Multi-Agency Crime Forum Discusses Smart Policing and Police Restructuring
The multi-agency Crime Forum took place today in Belmopan at the University of Belize. The forum geared at discussing strategic plans to address crimes, the concept of smart policing, and the restructuring of the police organization. It is a crucial forum that Dr. Richard Rosado had noted would look at addressing crime and criminality. Present at today’s event was the Minister of Home Affairs, Kareem Musa.
Kareem Musa, Minister of Home Affairs: “Today was an extremely important engagement with our national university, the University of Belize. We had a large gathering of not just lecturers but also of students. This was important for us to address the crime prevention and crime control strategy, part of the Ministry of Home Affairs strategy to tackle crime and violence, specifically in Belize City. But certainly it is one of those programs that we want to expand countrywide. As you know, we started this initiative under Mr. William Dawson in 2021. And it’s no coincidence that we’ve seen a drastic reduction in violent crime throughout the country of Belize and specifically Belize City. And it is because of effective policing and it is because of the work that the LIU is doing.”
Reporter: So the multi-sectoral approach. does it work? There’s still some critics who say otherwise.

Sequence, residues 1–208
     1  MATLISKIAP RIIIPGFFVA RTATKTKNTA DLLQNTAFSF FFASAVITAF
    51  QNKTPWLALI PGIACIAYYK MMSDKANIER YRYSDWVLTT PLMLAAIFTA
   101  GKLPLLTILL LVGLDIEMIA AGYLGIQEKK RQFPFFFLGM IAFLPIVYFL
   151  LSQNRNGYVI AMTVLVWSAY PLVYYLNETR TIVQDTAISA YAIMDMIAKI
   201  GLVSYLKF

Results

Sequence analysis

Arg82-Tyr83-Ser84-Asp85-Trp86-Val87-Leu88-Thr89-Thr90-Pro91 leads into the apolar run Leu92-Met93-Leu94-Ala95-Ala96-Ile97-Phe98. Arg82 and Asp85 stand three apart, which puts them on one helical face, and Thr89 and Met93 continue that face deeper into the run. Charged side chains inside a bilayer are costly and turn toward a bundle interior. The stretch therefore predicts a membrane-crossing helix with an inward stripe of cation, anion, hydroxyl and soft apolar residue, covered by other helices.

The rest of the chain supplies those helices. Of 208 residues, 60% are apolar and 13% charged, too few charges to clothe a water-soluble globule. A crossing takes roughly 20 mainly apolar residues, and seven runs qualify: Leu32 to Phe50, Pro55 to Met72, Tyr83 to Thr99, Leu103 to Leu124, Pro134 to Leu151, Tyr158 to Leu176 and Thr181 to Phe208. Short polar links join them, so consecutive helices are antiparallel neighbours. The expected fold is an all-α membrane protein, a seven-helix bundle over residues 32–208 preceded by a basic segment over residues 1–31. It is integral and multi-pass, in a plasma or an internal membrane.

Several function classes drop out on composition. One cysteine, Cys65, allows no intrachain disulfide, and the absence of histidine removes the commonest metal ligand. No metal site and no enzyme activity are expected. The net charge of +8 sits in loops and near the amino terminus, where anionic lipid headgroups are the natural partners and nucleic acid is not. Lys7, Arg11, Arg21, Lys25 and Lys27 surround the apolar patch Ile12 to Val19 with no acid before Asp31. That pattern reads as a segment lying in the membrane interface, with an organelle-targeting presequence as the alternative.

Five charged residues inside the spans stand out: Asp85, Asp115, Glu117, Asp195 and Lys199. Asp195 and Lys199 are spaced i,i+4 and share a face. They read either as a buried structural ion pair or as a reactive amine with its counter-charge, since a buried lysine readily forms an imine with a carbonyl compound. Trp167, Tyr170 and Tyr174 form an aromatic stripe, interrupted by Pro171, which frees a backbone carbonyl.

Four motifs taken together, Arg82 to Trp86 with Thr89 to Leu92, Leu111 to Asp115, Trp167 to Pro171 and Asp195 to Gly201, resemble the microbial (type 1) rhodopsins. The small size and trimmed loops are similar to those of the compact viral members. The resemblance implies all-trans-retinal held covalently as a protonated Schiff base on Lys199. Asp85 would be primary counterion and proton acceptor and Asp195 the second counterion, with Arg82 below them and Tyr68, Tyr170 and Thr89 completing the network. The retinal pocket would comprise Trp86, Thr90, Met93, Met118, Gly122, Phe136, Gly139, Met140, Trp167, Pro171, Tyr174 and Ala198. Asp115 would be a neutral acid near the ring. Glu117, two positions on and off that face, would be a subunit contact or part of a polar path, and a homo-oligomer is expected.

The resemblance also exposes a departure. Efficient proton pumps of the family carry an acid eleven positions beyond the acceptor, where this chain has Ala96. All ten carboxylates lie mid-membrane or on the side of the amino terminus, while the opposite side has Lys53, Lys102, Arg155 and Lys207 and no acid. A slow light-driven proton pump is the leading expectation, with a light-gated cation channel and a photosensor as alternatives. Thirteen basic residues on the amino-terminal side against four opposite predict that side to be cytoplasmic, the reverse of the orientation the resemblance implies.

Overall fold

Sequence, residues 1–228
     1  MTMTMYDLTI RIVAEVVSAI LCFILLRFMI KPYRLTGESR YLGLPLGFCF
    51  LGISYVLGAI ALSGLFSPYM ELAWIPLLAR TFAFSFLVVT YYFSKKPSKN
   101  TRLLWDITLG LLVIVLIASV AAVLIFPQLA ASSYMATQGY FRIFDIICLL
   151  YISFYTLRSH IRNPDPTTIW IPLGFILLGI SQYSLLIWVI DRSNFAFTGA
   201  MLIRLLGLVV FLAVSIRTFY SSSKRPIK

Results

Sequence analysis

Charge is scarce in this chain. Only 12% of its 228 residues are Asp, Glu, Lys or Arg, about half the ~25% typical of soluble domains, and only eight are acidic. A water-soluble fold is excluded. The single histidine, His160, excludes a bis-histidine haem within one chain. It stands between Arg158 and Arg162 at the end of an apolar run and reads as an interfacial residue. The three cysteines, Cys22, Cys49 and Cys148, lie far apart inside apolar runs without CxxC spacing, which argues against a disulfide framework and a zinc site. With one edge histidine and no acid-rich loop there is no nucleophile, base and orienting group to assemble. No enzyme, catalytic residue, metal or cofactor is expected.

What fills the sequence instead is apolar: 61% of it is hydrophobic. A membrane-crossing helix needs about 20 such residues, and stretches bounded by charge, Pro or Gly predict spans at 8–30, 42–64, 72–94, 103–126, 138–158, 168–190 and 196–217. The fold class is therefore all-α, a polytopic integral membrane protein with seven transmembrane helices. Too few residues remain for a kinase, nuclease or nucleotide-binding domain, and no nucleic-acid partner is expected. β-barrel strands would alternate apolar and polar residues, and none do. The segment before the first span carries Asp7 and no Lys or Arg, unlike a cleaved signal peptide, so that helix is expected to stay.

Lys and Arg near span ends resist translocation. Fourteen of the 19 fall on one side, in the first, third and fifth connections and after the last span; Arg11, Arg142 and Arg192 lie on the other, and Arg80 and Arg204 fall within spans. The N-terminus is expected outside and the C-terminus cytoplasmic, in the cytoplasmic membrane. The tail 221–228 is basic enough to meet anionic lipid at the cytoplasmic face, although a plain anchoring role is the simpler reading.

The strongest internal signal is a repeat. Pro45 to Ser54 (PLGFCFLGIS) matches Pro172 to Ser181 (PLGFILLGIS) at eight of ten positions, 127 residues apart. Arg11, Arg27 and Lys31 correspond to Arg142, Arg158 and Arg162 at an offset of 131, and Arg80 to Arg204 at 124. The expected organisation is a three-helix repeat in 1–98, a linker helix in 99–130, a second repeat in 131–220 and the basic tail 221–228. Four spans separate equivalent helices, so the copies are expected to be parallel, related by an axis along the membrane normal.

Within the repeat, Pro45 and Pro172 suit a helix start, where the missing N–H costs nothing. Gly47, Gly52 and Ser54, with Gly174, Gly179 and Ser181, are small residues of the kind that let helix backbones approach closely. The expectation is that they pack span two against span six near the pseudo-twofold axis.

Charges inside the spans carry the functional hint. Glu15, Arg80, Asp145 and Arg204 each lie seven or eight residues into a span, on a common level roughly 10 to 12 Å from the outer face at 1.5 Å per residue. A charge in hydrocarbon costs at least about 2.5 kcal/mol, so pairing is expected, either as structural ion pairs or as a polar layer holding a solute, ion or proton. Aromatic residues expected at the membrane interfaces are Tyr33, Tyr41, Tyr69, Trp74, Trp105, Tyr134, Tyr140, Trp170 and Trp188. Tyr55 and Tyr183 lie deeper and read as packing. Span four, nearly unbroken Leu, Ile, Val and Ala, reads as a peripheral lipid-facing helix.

Kareem Musa, Minister of Home Affairs: “There will always be critics, you know, but we have to understand that crime is an extremely complex issue. It’s not just black or white, you have to have many different approaches, many different ways in which you tackle crime and violence. And that is across the world. And so this is just one of the many facets that we’re employing to tackle crime. And I have to say, again, it’s no coincidence that there is a reduction. And Belize continues to plummet in terms of the ranking of the world’s most violent countries. We were at number 11 in the region last year and we hope to get even further down that ranking.”
Dominique Norales, the recently installed Director for the Leadership Intervention Unit (LIU) spoke on the forum, emphasizing that crime and violence are everyone’s business.
Dominique Norales, LIU Director: “Crime and violence affects everyone, no matter if it’s indirectly or directly, victim, perpetrator. The national budget is spent on crime and so it is really everyone’s business and especially within the space of academia we speak a lot about the lack of research, a repository of research when it comes to crime and violence and so engaging academia, the wider public on policies that are going to be funded by government and of course involve civil society are very important. The work and the investment that has been made into the Leadership Intervention Unit which as we know is still quite a very young initiative by the Ministry of Home Affairs. It’s a necessary thing because we don’t want to say that well we’re just going to throw our hands up and hope for the best. I think initiatives such as this that involve this multi-sectoral strategy, involves government and non-government, involves public and private sector is how we’re going to as comprehensively as possible tackle the issue of crime and violence both in terms of prevention, in terms of rehabilitation, and of course restorative justice.”
Dr Rosado had noted this week that one of the key concepts was the mentoring of boys as they transition into men.